The Malta Institute of Accountants’ Young Members Focus Group tackles regulatory and practical implications of ESG
ESG is not simply a trend which enhances a company’s CSR offering. It is a central element of an organisation’s operations, backed by wider social and consumer awareness and increasing regulatory expectations. ESG is also a means through which entities can give back to the community that sustains their success.
In such a context, accountancy professionals have a strategic role to play in ensuring that organisations are complying with the applicable legal obligations and pushing ESG as a basis for further growth. This key message came across strongly during a Young Members event hosted by the Malta Institute of Accountants which focused on the latest developments concerning ESG.
Addressing the event, MIA President David Delicata remarked that ESG has brought about a culture shock within firms, given the rapid pace of the transformation. “Greenwashing will not cut it. Without proper formal disclosures, there is no accountability”, the President added, highlighting the centrality of the accountancy professional role in this sense. “As accountants we have a big role to play, not only in educating but also in ensuring that our clients and employers are complying with their obligations”. Mr Delicata also focused on the need for upskilling within organisations to be able to respond to these developments, adding that the MIA is contributing to this through a wide programme aimed at educating members and other professionals in the field.
MIA CEO Maria Cauchi Delia referred to the increasing public awareness on the matter, pushing businesses to up their game and change their mindsets. “While environmental, social and governance matters might not be considered as financial elements within an organisation’s activity, they will have a significant impact on its bottom line.” She added that accountants are therefore responsible to ensure that the entities they operate in remain competitive. Through their roles on boards, in management and when acting as advisors, professional accountants need to lead the corporate sustainability agenda.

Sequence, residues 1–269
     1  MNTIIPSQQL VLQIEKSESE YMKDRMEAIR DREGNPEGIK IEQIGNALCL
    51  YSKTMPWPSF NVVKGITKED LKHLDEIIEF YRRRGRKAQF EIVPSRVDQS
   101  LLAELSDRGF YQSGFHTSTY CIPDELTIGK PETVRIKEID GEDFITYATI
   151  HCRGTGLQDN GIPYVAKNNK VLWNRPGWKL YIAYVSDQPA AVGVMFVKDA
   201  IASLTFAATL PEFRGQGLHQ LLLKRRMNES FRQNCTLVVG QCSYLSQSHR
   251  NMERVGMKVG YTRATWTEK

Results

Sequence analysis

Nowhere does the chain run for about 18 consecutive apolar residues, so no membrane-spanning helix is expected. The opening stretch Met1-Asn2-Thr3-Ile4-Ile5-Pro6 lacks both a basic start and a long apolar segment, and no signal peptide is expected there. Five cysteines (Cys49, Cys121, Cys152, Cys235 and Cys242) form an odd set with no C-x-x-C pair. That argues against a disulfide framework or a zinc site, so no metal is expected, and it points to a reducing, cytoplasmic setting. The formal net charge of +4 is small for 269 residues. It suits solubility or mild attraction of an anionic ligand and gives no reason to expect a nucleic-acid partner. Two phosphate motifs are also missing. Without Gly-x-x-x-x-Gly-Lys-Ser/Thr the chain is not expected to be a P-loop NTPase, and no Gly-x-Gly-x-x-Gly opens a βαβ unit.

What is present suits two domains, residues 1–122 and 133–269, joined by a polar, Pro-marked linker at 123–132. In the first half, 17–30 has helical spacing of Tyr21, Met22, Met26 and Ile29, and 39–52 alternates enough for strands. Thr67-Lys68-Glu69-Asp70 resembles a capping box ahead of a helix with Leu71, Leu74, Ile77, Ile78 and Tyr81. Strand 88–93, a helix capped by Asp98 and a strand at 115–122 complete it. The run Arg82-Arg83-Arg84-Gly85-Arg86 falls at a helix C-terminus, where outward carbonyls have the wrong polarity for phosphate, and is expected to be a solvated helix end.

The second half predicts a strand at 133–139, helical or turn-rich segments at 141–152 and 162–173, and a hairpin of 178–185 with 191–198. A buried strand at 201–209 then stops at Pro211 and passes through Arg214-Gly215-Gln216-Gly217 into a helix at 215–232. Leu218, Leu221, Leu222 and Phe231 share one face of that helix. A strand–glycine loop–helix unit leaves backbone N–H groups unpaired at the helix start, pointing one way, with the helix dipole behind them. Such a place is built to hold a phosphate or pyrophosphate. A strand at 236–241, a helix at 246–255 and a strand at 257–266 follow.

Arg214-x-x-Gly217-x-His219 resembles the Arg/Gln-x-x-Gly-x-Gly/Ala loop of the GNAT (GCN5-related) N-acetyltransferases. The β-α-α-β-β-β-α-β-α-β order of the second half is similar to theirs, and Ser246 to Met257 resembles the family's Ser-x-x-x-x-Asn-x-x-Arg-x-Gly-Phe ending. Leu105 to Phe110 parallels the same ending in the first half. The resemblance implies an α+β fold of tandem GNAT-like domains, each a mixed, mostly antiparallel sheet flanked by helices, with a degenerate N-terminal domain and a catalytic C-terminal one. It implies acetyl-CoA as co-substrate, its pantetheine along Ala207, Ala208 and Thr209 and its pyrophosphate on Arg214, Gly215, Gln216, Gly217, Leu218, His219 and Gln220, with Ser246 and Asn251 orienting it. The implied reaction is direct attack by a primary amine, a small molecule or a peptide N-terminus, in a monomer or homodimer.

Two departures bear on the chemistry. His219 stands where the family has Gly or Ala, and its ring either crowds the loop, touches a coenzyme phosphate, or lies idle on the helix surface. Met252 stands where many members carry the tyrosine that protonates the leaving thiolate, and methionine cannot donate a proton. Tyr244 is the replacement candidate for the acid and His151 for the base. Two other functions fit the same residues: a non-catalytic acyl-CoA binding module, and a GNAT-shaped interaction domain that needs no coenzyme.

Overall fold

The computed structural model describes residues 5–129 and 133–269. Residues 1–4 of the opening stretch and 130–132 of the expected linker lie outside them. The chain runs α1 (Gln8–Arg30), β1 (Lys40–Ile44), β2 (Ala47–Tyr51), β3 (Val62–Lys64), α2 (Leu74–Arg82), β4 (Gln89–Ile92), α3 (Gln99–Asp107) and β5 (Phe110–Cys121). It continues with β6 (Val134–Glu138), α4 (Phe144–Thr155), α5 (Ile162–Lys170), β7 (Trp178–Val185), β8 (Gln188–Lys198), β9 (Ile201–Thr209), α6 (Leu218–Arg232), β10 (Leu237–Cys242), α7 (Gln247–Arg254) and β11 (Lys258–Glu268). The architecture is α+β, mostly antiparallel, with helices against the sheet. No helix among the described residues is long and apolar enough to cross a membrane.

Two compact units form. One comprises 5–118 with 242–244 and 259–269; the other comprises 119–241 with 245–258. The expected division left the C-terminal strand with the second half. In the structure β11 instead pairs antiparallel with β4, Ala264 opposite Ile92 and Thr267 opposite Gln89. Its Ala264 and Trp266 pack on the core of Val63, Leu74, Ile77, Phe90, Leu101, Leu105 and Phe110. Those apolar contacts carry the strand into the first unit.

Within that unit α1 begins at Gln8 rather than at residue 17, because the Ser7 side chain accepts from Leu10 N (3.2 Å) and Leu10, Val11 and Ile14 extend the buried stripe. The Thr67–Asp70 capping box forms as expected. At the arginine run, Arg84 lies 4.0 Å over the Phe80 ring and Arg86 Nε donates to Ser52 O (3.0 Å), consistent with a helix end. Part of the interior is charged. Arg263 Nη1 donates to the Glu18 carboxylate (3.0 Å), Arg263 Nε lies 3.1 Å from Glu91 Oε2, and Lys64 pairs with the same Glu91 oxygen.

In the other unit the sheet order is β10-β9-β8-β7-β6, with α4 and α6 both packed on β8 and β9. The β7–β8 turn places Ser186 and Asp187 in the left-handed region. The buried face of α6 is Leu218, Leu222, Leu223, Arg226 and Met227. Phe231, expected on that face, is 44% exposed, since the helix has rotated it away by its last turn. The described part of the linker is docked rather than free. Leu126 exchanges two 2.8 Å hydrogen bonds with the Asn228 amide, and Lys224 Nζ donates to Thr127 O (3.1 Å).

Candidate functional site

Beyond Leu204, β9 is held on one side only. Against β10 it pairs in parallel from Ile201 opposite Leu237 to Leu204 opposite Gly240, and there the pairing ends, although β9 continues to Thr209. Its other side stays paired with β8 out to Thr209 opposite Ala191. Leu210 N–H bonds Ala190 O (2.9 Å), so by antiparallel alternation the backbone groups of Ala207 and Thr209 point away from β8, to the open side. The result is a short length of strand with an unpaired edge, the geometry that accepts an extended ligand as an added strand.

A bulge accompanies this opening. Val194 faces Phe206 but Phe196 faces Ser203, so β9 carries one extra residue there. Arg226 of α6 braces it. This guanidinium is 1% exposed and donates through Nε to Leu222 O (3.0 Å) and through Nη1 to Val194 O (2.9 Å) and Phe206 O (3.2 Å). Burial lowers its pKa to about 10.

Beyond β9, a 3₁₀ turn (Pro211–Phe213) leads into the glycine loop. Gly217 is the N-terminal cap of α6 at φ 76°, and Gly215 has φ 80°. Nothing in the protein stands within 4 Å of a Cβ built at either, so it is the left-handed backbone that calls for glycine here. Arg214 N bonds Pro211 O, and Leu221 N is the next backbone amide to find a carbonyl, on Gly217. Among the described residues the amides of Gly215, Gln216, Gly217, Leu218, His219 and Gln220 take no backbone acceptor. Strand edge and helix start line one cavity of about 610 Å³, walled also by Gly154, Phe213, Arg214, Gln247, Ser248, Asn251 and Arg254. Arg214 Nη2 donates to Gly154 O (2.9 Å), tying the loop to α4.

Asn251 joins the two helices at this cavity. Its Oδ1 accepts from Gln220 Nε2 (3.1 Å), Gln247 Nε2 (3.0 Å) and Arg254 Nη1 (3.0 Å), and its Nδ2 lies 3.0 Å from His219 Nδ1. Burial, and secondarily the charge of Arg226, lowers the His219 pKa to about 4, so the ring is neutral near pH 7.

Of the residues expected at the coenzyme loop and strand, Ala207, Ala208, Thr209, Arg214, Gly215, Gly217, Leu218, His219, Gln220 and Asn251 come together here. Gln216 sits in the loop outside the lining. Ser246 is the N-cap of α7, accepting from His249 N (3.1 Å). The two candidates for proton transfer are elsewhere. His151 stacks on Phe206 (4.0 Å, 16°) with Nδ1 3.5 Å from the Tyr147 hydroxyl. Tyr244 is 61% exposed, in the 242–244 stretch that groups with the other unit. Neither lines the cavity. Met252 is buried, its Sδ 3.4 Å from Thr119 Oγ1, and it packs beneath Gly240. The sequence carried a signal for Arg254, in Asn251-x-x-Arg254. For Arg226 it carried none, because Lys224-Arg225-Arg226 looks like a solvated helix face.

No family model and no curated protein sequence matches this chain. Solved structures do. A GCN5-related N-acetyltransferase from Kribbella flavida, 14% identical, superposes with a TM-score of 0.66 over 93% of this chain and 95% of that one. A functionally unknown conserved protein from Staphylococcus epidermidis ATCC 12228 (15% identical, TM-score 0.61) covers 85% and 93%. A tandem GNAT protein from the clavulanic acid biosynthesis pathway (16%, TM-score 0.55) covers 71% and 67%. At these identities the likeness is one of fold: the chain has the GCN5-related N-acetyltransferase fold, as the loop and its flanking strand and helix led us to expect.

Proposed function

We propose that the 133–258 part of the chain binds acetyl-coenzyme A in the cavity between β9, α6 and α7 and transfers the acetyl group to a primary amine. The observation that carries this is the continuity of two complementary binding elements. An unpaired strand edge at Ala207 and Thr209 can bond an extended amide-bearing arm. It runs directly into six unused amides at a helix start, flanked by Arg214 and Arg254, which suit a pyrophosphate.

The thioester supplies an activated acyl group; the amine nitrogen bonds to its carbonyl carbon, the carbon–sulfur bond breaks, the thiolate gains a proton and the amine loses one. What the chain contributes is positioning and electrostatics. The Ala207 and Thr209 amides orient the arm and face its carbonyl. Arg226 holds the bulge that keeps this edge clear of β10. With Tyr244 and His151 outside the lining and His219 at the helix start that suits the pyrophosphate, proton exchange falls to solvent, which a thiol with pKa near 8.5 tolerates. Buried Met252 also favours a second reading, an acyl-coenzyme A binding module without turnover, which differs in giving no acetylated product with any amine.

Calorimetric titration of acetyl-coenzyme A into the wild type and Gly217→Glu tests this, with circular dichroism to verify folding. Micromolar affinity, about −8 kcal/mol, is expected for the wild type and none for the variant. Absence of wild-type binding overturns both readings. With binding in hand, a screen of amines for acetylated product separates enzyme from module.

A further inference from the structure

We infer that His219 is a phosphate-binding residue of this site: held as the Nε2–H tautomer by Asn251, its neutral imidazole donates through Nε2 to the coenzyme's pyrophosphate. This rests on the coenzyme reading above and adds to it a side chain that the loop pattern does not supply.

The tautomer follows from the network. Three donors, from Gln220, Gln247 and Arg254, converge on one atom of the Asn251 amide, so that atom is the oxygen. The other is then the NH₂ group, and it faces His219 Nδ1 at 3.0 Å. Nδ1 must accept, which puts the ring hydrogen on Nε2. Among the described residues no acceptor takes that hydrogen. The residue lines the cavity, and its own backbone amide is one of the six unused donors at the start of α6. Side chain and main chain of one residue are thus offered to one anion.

The event included panel discussions and breakout tables which addressed practical and regulatory elements emanating from upcoming ESG requirements, including new standards developed by the relevant European bodies. The MIA itself has been an important contributor in this sense, providing detailed feedback to the European Financial Reporting Advisory Group on the first draft set of European Sustainability Reporting Standards.
A number of speakers called for a proactive philosophy rather than one of compliance, with regulation and directives being there to support and facilitate the change. Accountants were encouraged to clarify not only the costs associated with ESG implementation but also highlight the benefits, particularly as more investors are revisiting their priorities and favouring companies that truly champion the ESG agenda. ESG also calls for wider collaboration between members of the profession as well as other professionals and experts, given that the variety of the subject matter requires different areas of expertise. Concluding the event, the Chairperson of the Young Members Group Dean Micallef stated that the profession is now dealing with metrics which are more qualitative. He called on participants to convey the key messages resulting from the event to their fellow management team: “ESG is something which society demands from us”.